Wendy Sikes is rocking the foundations of my world.
The 51-year-old from Denver, Colorado, sends me a message through 23andMe — a sort of genetic LinkedIn. She tells me that she was adopted and believes she may be my third cousin. She asks for the names of my great-great-grandparents.
It sounds like a simple request, but it is, in reality, an existential question.
It calls up the very nature — and nurture — of my being, of who I am, and what my background really is. It also helps to explain why I tend not to dwell on ancestry.
Not really. Not when your wife is dying. When her brain has been invaded by a task force of tumours. When she can’t move her left leg and when the steroids have wreaked havoc on her personality. (The same steroid, by the way, that is now the great hope for treating Coronavirus).
She may have weeks, months, or even a year to live. Just weeks ago was active healthy and literally full of life. Walking, talking, drinking, telling stories, and engaging everyone she met.
Today she is in a wheelchair and can walk only short distances with the aid of…
I don’t believe my call is important to you
I don’t believe you are passionate about many of the things you do at work that you say you are.
I don’t believe it is unique.
I don’t believe there has never been a better time to buy it, nor that you are a one-stop shop.
I don’t believe having something for everyone is a good thing.
I don’t believe it is robust or innovative.
I don’t believe you are really committed to diversity, nor to closing the gender pay gap.
I don’t believe you are best-in-class.
I don’t believe you…
It was a throw-away phrase forged forty years ago in a primary school woodwork class. Yet it survives to this day in my household, recited with startling regularity by my children, and still causes me to laugh aloud when it comes to mind.
It was late afternoon and the headmaster, Mr Pearson, was discussing the creation of model boats. While patient and often — but not always — hard of hearing, Sandy ‘Squinty’ Pearson was a man of discipline and not inclined to allow too much frivolity at Happyhansel Primary School in the village of Walls, Shetland.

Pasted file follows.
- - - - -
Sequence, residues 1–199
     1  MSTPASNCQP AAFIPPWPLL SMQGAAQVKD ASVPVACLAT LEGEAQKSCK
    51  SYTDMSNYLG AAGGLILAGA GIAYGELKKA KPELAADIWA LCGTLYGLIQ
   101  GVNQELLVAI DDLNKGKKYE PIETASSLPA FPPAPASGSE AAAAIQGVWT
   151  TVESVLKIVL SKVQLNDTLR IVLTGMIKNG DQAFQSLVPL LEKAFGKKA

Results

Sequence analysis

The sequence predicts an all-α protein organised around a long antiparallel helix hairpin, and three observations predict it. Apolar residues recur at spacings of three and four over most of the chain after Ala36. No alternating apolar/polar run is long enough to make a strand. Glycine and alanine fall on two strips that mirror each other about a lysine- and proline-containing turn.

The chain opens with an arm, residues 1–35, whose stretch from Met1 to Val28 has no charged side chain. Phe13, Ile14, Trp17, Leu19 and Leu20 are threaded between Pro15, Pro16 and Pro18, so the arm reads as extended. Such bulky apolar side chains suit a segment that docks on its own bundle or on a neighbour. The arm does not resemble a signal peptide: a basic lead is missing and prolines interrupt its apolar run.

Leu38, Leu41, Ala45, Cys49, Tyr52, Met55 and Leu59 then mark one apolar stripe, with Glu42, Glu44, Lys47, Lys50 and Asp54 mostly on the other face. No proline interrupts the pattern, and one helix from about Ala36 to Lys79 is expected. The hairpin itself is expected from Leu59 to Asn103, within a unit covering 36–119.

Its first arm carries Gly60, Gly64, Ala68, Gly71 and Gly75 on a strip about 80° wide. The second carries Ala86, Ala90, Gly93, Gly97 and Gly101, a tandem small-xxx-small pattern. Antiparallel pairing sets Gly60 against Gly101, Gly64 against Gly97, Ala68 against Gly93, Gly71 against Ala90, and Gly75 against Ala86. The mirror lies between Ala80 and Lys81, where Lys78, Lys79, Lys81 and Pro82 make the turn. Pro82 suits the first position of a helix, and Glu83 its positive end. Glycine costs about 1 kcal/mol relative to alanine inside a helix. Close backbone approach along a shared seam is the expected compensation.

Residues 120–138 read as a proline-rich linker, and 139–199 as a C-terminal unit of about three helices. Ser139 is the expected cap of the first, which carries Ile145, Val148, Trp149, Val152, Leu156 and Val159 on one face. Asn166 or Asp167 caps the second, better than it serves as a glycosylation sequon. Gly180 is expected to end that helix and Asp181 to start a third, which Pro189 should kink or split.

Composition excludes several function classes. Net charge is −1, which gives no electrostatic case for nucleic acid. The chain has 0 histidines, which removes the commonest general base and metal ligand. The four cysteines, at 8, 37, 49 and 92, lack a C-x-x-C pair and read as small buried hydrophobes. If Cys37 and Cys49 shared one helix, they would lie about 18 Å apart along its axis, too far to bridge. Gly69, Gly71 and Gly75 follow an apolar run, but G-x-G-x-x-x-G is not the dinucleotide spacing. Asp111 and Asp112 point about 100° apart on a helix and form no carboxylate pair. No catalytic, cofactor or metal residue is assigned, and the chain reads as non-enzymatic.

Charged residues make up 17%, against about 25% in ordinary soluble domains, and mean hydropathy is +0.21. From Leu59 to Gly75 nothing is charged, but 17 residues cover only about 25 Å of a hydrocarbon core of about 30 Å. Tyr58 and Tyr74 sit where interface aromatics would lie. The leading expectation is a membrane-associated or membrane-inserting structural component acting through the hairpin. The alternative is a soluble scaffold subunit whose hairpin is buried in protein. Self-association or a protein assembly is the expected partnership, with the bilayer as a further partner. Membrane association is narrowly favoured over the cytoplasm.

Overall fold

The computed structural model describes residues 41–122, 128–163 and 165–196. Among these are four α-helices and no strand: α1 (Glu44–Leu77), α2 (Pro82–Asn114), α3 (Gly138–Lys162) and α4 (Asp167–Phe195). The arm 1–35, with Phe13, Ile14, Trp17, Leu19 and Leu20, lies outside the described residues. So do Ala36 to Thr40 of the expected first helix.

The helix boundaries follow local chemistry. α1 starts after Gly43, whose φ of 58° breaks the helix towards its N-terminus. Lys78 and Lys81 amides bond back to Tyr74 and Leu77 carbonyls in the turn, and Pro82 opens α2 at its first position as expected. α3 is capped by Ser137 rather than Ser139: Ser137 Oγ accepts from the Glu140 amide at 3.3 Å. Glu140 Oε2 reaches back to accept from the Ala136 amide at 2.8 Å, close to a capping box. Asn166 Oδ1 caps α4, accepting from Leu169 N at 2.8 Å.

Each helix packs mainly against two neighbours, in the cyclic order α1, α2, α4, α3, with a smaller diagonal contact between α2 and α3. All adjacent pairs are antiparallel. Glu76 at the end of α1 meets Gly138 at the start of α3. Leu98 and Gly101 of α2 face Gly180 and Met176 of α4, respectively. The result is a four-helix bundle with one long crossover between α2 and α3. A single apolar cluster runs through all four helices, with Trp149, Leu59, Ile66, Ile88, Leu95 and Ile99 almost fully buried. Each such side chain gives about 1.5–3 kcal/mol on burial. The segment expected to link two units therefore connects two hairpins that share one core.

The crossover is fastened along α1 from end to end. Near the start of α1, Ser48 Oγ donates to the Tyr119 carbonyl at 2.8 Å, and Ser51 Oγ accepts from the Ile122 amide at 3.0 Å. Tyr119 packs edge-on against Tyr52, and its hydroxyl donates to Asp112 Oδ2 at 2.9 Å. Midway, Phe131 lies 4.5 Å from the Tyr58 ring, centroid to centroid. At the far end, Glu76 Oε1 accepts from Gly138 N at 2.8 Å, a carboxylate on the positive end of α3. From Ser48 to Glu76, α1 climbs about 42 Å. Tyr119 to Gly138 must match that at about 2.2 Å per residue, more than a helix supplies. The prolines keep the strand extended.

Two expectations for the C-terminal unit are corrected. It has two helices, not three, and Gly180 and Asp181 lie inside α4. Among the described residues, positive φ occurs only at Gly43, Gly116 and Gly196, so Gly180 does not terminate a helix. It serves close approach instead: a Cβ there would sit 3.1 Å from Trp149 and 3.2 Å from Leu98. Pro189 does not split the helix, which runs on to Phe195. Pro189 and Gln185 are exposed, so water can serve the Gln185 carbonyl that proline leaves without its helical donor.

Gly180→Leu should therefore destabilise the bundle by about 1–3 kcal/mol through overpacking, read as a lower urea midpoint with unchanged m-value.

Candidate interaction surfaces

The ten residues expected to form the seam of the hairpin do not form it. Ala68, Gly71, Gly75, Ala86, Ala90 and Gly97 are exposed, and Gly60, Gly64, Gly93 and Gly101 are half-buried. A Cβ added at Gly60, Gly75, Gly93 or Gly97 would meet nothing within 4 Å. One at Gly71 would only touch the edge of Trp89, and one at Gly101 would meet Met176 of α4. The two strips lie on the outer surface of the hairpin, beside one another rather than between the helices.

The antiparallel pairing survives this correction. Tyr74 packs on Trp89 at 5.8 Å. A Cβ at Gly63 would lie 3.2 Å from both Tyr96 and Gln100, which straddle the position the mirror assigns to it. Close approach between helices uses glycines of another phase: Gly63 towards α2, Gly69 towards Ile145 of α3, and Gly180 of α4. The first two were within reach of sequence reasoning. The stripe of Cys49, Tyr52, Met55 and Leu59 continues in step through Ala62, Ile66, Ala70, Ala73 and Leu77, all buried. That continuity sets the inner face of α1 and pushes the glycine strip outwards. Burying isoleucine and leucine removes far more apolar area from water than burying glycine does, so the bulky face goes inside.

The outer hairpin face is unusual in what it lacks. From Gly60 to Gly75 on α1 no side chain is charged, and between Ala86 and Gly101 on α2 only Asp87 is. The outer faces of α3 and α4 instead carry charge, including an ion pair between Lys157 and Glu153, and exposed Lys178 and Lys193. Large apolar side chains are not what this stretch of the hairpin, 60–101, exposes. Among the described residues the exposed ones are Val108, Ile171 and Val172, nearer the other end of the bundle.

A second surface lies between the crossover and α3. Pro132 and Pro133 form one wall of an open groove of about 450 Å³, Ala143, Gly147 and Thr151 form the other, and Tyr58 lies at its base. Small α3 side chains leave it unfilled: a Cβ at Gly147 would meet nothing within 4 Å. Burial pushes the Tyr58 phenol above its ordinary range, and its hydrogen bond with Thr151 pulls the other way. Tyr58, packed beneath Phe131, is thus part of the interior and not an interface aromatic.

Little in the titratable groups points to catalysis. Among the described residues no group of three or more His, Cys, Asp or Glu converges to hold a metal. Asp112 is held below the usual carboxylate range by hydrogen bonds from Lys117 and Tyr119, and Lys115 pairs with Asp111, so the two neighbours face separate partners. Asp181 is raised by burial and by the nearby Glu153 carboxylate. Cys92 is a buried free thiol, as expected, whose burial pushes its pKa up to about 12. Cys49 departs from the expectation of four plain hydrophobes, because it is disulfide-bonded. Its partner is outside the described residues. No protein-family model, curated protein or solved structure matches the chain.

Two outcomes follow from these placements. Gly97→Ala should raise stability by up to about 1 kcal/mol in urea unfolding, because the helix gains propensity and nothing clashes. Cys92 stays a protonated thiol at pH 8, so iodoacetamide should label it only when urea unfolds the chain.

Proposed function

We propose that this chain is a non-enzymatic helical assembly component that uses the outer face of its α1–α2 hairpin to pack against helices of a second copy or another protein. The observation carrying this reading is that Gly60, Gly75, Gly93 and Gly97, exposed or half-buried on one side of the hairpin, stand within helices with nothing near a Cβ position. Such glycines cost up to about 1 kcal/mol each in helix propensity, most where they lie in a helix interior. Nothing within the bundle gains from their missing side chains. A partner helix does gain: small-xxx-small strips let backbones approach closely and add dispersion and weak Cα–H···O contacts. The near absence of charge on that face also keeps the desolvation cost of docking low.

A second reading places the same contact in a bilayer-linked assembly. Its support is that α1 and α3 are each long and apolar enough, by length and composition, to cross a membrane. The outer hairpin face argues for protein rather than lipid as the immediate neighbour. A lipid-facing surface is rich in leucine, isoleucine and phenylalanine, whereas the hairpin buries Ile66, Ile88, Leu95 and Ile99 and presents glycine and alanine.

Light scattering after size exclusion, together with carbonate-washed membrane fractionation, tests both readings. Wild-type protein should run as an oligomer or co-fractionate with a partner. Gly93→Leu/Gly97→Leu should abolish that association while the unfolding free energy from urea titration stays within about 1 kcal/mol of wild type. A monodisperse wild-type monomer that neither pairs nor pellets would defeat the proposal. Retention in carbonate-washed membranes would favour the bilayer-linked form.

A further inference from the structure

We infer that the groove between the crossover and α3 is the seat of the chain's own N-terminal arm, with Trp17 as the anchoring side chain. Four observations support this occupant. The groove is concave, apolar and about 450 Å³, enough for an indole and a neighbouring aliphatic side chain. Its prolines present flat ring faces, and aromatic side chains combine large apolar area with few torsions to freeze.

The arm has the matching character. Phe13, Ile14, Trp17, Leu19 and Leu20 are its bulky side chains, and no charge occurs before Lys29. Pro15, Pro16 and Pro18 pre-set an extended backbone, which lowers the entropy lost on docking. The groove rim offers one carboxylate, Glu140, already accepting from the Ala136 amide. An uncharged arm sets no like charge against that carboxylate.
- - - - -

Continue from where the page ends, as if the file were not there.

Having set out…
As a copywriter and a creative, I cut my teeth on print and it holds a special place in my heart. But there are many who believe that print is dying, especially when it comes to magazines.
So perhaps it is a beautiful irony that Magazine Heaven is the name of the latest retail addition to the small Northamptonshire town of Rushden. An unlikely shop in an unlikely location seeking success against the odds.
Maybe that is exactly why I am willing it to succeed. That, and because it hosts such an unrivaled and diverse selection of magazines it leaves…
I am outside surrounded by rolling dunes of sand somewhere in Qatar. It is just before midday and it is 41 degrees, a heat fuelled by a powerful sun unencumbered by even a hint of cloud. The only tracks I can see are those of a desert fox, some unidentified birds and the distinctive treads of around half a dozen Land Cruisers — all long gone now.
This is Khor Al-Adaid, about 70km South of Doha and just 10km from the southern border of Saudi Arabia. …
If all the world’s a stage, Los Angeles is likely to argue that it sits in the centre. Not just because of the number of film studios, locations and talent it offers, but also because its streets are full of theatre.
It is a pleasant December evening in West Hollywood and I am on a post-prandial stroll through the city streets. I have spent the day directing a fashion shoot in the Joshua Tree national park and while the rest of the crew have dispersed to their various appointments, I have just finished dinner at the Sunset Towers hotel.